# PROGRAM PROVIDES SHORT-CUT DISTILLATION TOWER CALCULATIONS

A.K. CokerH&G Engineering

Glasgow, U.K.

An interactive Fortran 77 program, named MTRANS, has been developed for short-cut distillation tower calculations based upon the derived method of the Hengstebeck-Geddes equation.

The program has an option of entering either the equilibrium constant or the relative volatility with the feed-stream key component.

It also arranges the relative volatilities in order of decreasing magnitude before proceeding to compute the correlation constants. The following assumptions are used in the program:

- There is only one feed stream with 12 or fewer key components.
- There is only one heavy key component.
- Feed components may be arranged in order of decreasing relative volatility, but the light key (LK) and heavy key (HK) components must be adjacent to each other.
- The feed enters the column at the optimum stage.
- The column produces two products (distillate and bottoms) with overhead condenser and bottom reboiler.

The program uses the bisection method to determine Underwood's constant (Q), or the root of Underwood's equation, and then proceeds to evaluate the minimum reflux ratio. From a given multiplier (FACTOR), the actual reflux ratio is determined.

Fenske's equation determines the minimum number of stages. Gilliland's graphical correlation, as expressed by McCormick in terms of a single equation, computes the actual number of stages.

The location of the feed stage is determined by Kirkbride's empirical equation.

The program can be loaded onto a hard disk of a personal computer, or it can be run from a floppy diskette. The program can be executed directly in the DOS environment.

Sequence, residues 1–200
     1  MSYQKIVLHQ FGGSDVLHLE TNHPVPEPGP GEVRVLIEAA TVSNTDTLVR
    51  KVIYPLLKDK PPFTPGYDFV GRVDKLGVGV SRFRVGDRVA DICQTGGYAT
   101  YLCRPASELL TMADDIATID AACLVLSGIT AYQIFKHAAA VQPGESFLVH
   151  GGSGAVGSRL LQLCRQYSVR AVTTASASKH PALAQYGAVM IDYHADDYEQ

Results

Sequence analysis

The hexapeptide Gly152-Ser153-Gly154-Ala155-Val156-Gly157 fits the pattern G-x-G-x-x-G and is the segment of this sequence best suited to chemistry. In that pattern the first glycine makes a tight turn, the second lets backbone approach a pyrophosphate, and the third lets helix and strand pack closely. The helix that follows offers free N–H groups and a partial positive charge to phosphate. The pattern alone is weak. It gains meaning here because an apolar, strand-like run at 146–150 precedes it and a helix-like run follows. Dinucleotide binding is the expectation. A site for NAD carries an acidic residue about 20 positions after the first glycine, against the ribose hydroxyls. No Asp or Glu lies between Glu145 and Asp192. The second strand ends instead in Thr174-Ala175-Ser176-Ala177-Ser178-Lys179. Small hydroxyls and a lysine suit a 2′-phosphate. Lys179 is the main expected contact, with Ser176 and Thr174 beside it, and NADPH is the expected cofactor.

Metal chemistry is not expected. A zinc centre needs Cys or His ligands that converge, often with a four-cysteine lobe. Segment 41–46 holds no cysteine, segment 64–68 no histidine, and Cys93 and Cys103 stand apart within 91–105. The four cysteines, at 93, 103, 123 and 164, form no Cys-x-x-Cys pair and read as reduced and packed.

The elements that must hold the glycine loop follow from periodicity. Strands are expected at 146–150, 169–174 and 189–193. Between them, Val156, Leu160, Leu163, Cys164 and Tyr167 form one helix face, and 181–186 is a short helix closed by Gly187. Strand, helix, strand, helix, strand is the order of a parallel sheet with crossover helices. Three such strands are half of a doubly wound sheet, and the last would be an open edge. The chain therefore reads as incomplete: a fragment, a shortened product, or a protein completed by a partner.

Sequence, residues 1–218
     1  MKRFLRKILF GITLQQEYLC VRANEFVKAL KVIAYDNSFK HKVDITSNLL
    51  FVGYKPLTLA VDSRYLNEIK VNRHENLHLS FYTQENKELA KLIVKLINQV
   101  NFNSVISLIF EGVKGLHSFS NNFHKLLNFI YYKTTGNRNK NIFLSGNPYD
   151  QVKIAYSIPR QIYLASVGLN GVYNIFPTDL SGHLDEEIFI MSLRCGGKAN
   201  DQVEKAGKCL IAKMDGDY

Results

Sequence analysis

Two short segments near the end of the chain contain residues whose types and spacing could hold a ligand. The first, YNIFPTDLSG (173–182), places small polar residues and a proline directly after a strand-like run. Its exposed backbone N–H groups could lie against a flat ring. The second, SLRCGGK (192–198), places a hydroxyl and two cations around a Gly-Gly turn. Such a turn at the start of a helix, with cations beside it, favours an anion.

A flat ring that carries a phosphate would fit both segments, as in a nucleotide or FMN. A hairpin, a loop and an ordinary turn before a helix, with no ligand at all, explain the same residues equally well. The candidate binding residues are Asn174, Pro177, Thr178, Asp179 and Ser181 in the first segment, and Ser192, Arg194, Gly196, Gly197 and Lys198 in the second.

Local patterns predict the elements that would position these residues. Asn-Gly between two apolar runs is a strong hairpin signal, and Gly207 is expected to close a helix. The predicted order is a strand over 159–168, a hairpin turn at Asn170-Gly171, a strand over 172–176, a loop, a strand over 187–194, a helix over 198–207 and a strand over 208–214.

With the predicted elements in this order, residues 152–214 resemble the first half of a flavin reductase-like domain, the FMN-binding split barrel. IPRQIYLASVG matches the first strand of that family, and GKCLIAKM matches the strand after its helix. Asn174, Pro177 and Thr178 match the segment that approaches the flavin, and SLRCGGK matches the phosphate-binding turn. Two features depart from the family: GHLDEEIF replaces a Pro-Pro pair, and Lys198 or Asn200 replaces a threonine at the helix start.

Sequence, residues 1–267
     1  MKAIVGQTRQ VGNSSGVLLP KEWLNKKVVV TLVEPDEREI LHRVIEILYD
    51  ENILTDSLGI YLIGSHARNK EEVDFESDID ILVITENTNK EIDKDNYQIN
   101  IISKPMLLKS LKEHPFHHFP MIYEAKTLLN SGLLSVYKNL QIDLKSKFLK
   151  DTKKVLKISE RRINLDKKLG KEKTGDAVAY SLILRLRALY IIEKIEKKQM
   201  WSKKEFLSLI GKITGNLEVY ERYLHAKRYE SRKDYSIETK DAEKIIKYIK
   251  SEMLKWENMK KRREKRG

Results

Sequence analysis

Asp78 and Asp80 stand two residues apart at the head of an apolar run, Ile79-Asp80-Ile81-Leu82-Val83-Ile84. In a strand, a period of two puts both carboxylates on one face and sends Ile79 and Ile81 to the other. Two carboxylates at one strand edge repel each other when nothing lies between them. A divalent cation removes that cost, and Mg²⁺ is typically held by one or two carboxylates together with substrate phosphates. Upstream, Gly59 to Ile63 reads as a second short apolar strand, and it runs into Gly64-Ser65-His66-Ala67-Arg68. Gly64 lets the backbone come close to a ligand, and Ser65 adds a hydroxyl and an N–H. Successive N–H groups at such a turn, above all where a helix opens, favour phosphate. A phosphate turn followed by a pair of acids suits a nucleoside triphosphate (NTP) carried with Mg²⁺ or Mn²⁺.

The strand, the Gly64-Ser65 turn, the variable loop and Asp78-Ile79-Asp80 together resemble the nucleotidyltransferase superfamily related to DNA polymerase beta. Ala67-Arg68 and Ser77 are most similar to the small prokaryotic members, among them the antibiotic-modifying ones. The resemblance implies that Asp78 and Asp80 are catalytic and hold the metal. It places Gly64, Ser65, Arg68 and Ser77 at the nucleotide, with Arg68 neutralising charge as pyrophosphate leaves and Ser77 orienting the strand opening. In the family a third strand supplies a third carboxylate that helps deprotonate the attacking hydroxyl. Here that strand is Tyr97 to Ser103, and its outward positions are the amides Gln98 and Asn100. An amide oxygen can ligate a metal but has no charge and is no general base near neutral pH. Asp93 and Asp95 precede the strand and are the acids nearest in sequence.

To run the program from a hard disk system, simply type MTRANS.EXE or MTRANS after the C prompt. If running from a floppy disk, type MTRANS after the A or B prompt.

For results that exceed the normal length of the screen, a facility is provided to allow printing of the results. The program will run only on 80386 microprocessor-based computers (IBM and clones). However, the program listing is on the diskette if users wish to compile the program on other microprocessors.

Presented here are the equations used to develop the program, a comparison of some of the various other equations used to represent Gilliland's graphical correlation, and examples of the program's use.

### EQUATIONS SURVEYED

The increasing availability of personal computers with acquired simulation software packages has helped design engineers to optimize a number of equilibrium stages in multipurpose fractionating towers and absorbers.

Designers adept in mathematical modeling are still engaged in the use of vigorous, iterative plate-to-plate computation to study a wide range of process conditions. However, preliminary design with graphical correlations has often helped to arrive at an approximate optimum number of stages before reverting to established design methods. 12 A schematic of a fractionation column with two or more multicomponent and associated equipment items is as shown in Fig. 1.

Alternatives to the preliminary design are the short-cut methods to achieve a realistic optimum number of theoretical stages. Generally, short-cut methods were proposed to establish the minimum number of stages at total reflux and also the minimum reflux at an infinite number of theoretical stages .3-1

Many authors have correlated the minimum reflux and minimum stages with operating reflux and corresponding theoretical equilibrium stages required. These methods have enabled designers to vary the reflux ratio and plates in order to achieve an optimum relationship based on investment and operating costs.

Of the well-established correlations, Gilliland's has been mostly studied and is used in the program. The correlation relies upon two functions, namely (N - Nm)/(N + 1) and (R - Rm)/(R + 1) respectively.

These functions have been shown to give good correlations independent of the different characteristics of the system involved.

In addition to Gilliland's graphical correlation, the following are also reviewed: